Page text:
Having spent the last few months looking at opportunities in the market place, I am getting familiar with the tactics used by organisations to “streamline” the process. The last time I was looking for work was sixteen years ago when LinkedIn had just started to be a thing and the reliance was on searching print media for job openings as well as some of the bigger online recruiters. Most insisted on a face to face interview to discuss your cv, your job ambitions and what potential openings they had.
Today, it has all changed. It is now very easy for a company to post a position online, create an automated process and quickly create short-lists based on algorithms, AI and automation. The consequence is that far more applicants are applying for each job listed, because the odds of making a short-list have been significantly reduced as the filtering based on a cv or a LinkedIn profile can be done by computers in seconds. Consequently, with in many instances the human element in the initial job search being removed, more applicants apply, creating a catch 22 situation.
In the excitement to find an interesting role that ticks as many boxes as it can, we are often prepared to give away more personal information than is often needed. But we do so because the prize is so worthwhile. Except, what if there isn’t a job? What if the ad posted online is simply an elaborate phishing scheme to get candidates to share personal data that could be used for their financial gain?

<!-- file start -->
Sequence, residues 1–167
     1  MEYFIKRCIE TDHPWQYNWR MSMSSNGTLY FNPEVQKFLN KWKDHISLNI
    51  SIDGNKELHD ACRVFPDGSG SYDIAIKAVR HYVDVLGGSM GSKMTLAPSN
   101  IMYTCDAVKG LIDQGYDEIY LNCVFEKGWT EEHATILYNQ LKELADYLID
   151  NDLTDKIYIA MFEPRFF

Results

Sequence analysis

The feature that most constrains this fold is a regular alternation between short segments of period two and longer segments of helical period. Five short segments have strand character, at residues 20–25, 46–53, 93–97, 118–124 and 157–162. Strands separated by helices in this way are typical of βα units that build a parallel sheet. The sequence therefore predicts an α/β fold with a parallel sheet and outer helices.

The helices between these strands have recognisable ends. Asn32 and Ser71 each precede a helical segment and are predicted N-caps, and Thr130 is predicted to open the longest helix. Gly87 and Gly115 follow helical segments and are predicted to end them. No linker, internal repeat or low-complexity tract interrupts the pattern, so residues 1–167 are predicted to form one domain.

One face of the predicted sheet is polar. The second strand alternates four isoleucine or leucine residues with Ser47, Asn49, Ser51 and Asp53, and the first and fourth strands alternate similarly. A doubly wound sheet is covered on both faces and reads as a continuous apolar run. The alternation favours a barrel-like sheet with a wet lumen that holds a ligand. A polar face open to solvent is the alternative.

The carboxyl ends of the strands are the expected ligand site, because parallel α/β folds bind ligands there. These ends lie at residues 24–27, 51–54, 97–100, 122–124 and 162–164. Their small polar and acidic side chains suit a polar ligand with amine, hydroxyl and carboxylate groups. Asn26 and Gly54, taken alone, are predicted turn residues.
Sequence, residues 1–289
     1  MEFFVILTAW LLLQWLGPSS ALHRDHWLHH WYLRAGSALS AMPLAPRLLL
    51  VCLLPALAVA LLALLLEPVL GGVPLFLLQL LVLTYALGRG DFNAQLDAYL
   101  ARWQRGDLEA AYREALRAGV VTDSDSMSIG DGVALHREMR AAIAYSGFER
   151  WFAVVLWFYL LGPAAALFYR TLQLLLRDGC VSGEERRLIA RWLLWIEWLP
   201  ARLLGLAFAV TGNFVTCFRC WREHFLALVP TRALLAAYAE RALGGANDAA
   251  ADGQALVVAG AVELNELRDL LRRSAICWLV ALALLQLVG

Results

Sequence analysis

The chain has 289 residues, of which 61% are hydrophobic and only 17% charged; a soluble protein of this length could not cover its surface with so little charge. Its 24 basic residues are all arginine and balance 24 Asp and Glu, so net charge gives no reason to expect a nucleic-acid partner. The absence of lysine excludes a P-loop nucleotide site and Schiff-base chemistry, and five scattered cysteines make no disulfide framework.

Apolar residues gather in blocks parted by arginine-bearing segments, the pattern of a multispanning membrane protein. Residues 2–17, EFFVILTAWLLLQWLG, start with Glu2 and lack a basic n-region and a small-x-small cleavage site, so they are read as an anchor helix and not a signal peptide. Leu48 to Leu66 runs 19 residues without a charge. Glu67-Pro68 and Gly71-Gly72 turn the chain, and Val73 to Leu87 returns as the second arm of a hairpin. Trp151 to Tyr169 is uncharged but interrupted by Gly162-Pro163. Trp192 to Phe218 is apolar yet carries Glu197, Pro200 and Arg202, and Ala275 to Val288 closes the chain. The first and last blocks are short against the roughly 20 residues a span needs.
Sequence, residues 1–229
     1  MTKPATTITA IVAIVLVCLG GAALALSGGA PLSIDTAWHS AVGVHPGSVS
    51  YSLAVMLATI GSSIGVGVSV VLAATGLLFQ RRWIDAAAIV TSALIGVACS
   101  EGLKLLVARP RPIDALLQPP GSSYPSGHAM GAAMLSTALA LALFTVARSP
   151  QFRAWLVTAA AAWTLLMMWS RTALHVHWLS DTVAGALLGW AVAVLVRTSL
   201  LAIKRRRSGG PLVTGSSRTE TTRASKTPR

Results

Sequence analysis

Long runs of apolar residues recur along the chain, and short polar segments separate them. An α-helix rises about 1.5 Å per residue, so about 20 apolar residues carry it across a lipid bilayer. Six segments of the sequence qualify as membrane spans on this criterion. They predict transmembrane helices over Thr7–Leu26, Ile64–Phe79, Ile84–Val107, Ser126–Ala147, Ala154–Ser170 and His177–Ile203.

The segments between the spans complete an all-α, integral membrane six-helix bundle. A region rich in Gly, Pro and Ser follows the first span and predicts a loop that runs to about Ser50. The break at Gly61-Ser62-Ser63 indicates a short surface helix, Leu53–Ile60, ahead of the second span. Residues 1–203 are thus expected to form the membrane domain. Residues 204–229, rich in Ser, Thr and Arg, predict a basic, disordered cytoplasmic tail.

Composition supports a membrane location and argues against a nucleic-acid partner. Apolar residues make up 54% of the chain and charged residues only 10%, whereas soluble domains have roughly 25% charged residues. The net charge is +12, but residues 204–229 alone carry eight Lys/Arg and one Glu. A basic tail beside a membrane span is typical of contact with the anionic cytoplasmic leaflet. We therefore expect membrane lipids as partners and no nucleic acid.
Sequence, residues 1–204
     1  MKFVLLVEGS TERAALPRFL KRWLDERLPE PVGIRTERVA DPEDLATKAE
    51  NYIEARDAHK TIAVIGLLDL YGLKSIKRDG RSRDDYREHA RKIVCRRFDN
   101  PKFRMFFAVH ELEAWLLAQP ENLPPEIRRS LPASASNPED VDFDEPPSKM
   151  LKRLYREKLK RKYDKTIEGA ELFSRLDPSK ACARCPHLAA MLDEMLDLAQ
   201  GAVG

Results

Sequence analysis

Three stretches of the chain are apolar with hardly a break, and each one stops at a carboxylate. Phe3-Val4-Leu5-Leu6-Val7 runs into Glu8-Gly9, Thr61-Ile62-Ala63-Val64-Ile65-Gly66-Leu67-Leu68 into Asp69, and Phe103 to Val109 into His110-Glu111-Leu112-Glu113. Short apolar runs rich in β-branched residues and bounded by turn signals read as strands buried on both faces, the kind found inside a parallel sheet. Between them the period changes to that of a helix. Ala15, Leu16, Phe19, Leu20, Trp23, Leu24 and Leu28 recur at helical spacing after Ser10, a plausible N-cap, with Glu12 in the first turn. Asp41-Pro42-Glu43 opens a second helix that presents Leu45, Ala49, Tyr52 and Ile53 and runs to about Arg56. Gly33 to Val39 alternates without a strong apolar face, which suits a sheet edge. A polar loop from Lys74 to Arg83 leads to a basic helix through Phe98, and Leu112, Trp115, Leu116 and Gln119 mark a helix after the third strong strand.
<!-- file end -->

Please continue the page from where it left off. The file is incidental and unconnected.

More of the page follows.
Employment/Recruitment scams are nothing new. They have been with us for many years and have cost some victims thousands of pounds. There have been cases of individuals selling up and moving their families to a new country because they have a new role only to find on day one that there was never a job and the fees they paid to sort out visas or short-term accommodation have been pocketed by fraudsters. But the acceptance of our digital lives today has led us to be less cautious when it comes to giving out personal details.
It would take a fraudster a matter of minutes to create a fake company profile on Social Media, adding in a few exotic office locations, a fictitious management team and of course, some interesting open vacancies as the company looks to expand into new markets. Applicants for the roles need to submit CVs, a cover letter and complete a suitability questionnaire, all designed to glean information that could be resold on, or used by the fraudsters themselves to lure the candidate deeper into their web of lies.
Sounds far fetched? Well, have a read of this article, written by security expert Brian Krebs who reports on just this type of scam taking place a few weeks ago. This is just one example of a practice that is still far too common, especially as it looks to exploit those who may be in desperate need of employment. We need to take as many cautionary steps when seeking a new role as we do when buying from an unknown online store, or responding to a dubious text or WhatsApp message, and be especially wary if the firm approaches you cold, with an amazing offer of employment.
It doesn’t take much to determine whether a job opening is real or not. Whilst many of us will use LinkedIn or popular job sites such as Indeed, most firms will also list the roles on their own websites. So a starting point is to check to see if the role exists there. Still unsure about the company? When did they register their domain name – if it appears very recent and through a proxy registration that should be a red flag. Look at their address on an online map – does it appear to be real? When you search for the address, what companies are listed? Use tools such as Glassdoor to check on what current and former employees say about the business. Also, search for key individuals on LinkedIn – do they appear to be genuine?
The global economy is still in a state of flux and with economic support for many firms slowly being reduced, the employment market is likely to hot up again. A major “supply” of available people will ultimately increase the demand on vacant positions, and the one thing we know from the world of the fraudsters is when demand increases, so too does fraud.